Within 45 days of a special drive, fake input tax credits worth Rs 162 crore by about 5,000 entities were recorded by the Goods and Services Tax (GST) authorities in Karnataka. The detection nationally is Rs 45,000 crore, a GST official said. The special drive began on May 15. In a state that has high compliance, it was a shocker to officials that every second person they targeted turned out to be fake. Karnataka has over 3.8 lakh GST registrants. Officials attributed the high detection rate to the better data techniques they used. K Balamurugan, additional director general, DG Systems, Bengaluru, said the earlier system of 100% verification by officials has been replaced by a risk management system (RMS) that helps identify fraudulent people or defaulters. “We get 30 crore invoices on a quarterly basis across India. Even if one lakh more officers are recruited, we would not be able to identify the fraudsters, but the computer will do it,” he said.
At present, GST officials have a two-pronged approach to detecting fraud using technology — one, audit-based verification of documents which also depend on red flags raised by the computer. For instance, if any entity does exceptionally well after five years of poor business, it will be followed by document scrutiny. The second is preventive check. RMS helps in identifying fraudulent people or defaulters. Roopam Kapoor, principal chief commissioner of central tax, Bengaluru zone, however, said Bengaluru sees comparatively lower fake input tax credits. Another official from the department explained that creating fake entities using other people’s Aadhaar cards, the details of which are got in connivance with random Aadhaar centres, is among the mostly commonly used methods of fraudsters. The card holder will be paid Rs 500 and the contact numbers will be changed for creating the fake entities and claiming input credit. Going ahead, Balamurugan said the cost of fraud also increases, as every digital footprint is recorded everywhere, so to have local drivers store data and then hide it from others will be cost-heavy. Blockchain technology will soon be introduced in GST transactions.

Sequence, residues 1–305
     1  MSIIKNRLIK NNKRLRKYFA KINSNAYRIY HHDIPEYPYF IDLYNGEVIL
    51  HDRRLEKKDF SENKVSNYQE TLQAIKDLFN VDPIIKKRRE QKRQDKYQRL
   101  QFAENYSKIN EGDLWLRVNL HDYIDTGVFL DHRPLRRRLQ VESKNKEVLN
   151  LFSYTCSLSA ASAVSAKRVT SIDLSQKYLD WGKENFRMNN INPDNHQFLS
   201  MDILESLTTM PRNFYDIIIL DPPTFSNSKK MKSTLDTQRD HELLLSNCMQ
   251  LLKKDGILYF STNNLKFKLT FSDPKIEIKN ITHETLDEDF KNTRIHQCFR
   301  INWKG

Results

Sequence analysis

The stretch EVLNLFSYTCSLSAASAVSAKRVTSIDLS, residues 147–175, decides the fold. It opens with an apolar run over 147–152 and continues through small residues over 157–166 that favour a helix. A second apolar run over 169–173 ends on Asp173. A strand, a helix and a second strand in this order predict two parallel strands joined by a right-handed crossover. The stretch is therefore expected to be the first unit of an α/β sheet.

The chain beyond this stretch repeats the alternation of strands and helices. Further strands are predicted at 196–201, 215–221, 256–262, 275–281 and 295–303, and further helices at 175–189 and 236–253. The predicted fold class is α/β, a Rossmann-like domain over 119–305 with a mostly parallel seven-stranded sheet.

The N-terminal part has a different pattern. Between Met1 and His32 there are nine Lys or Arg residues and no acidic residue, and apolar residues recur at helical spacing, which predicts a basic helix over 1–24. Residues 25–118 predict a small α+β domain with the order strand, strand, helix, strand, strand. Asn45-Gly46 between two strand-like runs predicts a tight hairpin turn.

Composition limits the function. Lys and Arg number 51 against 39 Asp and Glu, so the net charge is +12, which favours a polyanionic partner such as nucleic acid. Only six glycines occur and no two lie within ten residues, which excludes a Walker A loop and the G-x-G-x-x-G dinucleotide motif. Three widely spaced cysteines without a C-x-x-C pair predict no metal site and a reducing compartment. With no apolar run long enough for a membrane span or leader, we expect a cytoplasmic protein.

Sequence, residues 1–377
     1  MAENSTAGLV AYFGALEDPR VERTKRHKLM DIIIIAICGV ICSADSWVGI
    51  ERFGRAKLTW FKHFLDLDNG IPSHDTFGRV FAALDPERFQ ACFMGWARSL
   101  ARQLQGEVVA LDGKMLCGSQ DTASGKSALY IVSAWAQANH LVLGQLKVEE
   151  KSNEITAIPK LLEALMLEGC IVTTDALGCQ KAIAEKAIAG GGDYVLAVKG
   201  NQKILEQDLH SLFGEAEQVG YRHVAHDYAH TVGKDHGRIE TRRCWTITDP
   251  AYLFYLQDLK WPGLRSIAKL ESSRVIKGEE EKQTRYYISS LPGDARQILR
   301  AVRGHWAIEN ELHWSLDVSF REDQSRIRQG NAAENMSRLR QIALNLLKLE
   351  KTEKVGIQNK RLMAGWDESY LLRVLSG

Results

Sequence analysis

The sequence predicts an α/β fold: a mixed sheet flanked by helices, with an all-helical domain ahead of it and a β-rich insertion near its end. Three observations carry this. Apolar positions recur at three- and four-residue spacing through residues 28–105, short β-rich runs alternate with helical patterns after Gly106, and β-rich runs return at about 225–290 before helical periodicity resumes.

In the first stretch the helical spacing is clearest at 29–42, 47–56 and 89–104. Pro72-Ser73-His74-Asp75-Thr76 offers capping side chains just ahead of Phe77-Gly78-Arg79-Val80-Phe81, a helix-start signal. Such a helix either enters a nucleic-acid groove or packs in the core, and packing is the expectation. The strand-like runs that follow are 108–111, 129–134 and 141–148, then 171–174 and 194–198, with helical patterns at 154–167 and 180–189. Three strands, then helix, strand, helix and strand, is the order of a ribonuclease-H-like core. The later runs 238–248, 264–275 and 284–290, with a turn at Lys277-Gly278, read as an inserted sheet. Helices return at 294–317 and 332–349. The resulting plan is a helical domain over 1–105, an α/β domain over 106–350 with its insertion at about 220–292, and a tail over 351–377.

The cost of fraud also increases, as every digital footprint is recorded everywhere
Creating fake entities using other people’s Aadhaar cards, the details of which are got in connivance with random Aadhaar centres, is among the mostly commonly used methods of fraudsters.
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